The deputy panned with his target and fired again, taking a chunk out of the rung directly above Joseph’s head.
Joseph felt a dozen tiny splinters bounce off his face, a few of which stuck. Sensing his luck (and shelf space) was about to run out, he dropped off the ladder and rolled smoothly onto one knee next to the crouching mayor. Without hesitating, he grabbed the mayor and yanked him backward, once again saving the man’s life as the deputy’s bullet whizzed past his head and into the floor.
“You lucky bastard!”
The deputy drew back the hammer and fired again, knowing full well the futility of pulling the trigger on an empty chamber. A moment later he leaped from his perch onto the nearest shelf, which toppled over, sending a flood of books and the deputy sliding across the floor. He tried to stand, but found the footing untenable among the shifting materials. When his feet finally did find purchase he had just enough time to draw his knife before a book struck the side of his head. He wobbled, but didn’t go down. A second book glanced off the bridge of his nose and soon the blood was flowing again. He had enough of his wits to know the second book had come from above, but when he looked to the loft there was no one there.
“I’m right here, Mr. Hildebrandt.”
The deputy never saw the last book to hit him that day, which turned out to be an oversize collection of Canadian maps swung by Joseph at very close range. Joseph delivered the blow with such force that a section of the title remained embossed on the deputy’s forehead for some hours afterward. The more immediate result was that Deputy Mayor Bart Hildebrandt was unconscious even before he fell backward into the books.
Joseph had just enough time to let out the breath he’d been holding when he heard the front lock unlatch and the door swing open.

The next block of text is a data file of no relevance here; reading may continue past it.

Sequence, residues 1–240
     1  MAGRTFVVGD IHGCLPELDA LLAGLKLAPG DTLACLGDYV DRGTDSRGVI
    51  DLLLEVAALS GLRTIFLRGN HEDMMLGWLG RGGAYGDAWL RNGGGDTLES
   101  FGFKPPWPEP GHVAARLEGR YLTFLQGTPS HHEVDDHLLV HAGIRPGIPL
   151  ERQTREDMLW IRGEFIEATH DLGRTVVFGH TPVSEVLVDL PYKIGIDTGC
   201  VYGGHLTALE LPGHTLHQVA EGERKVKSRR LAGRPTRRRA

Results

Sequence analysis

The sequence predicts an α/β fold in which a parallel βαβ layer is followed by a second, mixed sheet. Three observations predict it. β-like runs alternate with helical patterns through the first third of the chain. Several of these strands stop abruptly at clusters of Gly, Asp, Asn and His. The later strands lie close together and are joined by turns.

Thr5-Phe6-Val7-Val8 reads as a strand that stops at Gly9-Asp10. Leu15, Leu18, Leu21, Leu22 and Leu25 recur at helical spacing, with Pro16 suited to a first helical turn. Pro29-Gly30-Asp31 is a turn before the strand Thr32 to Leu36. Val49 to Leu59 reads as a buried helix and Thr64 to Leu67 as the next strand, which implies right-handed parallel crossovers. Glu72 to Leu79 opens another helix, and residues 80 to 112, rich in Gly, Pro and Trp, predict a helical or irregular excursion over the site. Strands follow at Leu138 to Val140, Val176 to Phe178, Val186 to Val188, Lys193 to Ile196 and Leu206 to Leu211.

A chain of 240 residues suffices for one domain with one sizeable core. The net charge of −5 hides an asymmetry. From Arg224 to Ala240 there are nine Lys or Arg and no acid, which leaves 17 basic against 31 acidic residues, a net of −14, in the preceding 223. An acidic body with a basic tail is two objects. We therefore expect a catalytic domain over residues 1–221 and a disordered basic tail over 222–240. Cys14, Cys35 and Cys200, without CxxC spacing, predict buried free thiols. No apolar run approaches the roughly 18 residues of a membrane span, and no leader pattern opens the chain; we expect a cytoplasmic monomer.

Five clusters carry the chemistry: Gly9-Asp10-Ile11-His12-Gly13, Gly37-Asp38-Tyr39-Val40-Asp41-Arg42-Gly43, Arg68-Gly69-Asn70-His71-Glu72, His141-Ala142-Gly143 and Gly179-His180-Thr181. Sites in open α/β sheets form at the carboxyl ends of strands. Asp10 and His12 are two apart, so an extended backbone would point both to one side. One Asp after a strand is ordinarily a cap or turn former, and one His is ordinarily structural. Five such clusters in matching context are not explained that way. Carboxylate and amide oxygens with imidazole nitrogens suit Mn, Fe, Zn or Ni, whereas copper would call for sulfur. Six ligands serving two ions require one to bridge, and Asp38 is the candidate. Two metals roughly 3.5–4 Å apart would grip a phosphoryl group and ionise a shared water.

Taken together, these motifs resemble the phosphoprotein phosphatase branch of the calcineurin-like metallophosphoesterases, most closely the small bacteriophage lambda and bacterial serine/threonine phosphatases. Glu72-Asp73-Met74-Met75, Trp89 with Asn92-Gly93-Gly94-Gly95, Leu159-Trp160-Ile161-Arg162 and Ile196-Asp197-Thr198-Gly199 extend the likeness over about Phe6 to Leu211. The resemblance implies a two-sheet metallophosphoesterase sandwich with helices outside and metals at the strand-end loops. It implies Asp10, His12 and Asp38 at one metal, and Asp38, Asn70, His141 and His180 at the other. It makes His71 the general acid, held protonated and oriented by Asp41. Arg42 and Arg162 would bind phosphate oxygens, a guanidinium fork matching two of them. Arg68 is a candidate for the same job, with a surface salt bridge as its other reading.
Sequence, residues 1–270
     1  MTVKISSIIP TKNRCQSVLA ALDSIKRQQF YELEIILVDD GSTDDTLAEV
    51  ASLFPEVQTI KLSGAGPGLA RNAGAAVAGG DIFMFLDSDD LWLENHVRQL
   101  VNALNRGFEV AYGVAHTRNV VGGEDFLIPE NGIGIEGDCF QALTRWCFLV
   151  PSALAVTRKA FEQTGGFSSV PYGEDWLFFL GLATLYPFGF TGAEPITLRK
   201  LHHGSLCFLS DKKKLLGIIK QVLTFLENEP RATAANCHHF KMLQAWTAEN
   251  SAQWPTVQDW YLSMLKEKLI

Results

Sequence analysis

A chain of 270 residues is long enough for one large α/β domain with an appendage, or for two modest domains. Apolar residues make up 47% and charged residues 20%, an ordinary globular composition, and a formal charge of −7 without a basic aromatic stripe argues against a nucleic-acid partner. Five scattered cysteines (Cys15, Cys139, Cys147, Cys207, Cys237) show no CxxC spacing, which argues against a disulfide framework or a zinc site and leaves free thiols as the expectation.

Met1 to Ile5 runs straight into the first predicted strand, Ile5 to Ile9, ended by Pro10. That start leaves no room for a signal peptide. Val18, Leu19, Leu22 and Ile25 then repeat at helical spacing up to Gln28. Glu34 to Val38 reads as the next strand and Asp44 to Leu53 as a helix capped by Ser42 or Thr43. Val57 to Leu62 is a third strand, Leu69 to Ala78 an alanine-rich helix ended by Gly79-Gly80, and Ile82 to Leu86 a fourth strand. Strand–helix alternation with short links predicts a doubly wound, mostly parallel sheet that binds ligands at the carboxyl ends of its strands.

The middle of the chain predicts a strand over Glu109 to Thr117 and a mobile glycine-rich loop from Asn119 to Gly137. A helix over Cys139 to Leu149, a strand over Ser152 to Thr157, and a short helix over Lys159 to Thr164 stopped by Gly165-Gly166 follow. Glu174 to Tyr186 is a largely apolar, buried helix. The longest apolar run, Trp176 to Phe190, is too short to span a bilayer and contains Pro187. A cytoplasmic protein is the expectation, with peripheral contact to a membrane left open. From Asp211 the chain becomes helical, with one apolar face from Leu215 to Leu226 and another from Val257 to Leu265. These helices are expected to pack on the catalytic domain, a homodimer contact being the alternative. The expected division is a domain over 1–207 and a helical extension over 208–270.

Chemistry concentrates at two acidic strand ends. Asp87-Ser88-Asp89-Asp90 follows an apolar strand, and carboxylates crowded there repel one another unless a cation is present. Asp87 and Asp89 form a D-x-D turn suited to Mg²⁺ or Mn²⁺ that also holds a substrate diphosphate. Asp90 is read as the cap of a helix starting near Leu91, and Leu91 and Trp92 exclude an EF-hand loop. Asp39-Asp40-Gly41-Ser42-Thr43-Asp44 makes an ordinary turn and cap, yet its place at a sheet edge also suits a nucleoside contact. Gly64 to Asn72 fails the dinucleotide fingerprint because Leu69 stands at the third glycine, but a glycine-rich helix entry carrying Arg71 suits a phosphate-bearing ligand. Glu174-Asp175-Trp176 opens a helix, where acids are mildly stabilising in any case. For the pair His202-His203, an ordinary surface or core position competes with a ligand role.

“Don’t know why it’s locked, it shouldn’t be unless—” was all Kate managed to say to her father before she spied the blood on the floor. A moment of panic flared and then she spied her husband standing over the unconscious man atop a pile of books in the middle of the store. Then she saw her kids.
“Hey, Mom!” Kick called from the loft railing. “Look what we did.”
Kate looked from her son to her husband.
“It’s not as bad as it looks,” Joseph said, knowing the opposite was about to be true for himself.
Kate said nothing.
The marshal, sensing his place in the family business was secure, picked up the deputy’s knife.
“Must have been quite a conversation,” he said.
* * *
An hour later, Bart Hildebrandt left the bookstore still woozy, but on his feet. His hands were locked in large black shackles, a request of the mayor so as to make it obvious to the crowd gathered outside exactly who the villain was in this situation.
Joseph thought the police escorting the soon-to-be former deputy was enough, but he chose not to say anything. He was keeping his mouth shut for the time being.
“I’m very sorry for the inconvenience, Mr. Mayor,” Kate said. “Sometimes private investigations have a way of becoming public.”
“True, but I believe I can spin an assassination attempt. All good politicians have at least one on their résumé. The trick is to make sure it’s not thelastthing.”
Kate smiled. “I understand.”
“And don’t be too hard on your man, here,” the mayor said, laying a hand on Joseph’s shoulder. “His command of the situation was top notch. Fearless. I don’t think any one of us was in mortal danger for more than ten minutes. Fifteen tops.”
Kate’s smile faltered. “Mortal danger?”
The mayor held up the book that would be featured in numerous newspapers nationwide over the coming weeks.
“My newholeyBible,” he said, poking a finger through the cover.
Kate eyed the book and then her husband. Joseph pretended not to notice.
“Now, I’m afraid it’s going to be a busy day for me, so we’ll leave the, um, settlement of our business arrangement on the table for the moment, if that’s all right.”
“At your convenience, Mr. Mayor.”
“Wonderful! Make it Saturday afternoon. I’m having a garden party for some of the early-arriving festival guests. The whole family is welcome, of course. And I might even have another job for you.”
Kate raised an eyebrow.
“Something much less dangerous, I assure you.”
Joseph nodded. “We’ll be happy to discuss it Saturday.”
“Excellent. Two sharp. Garden attire, if you please.”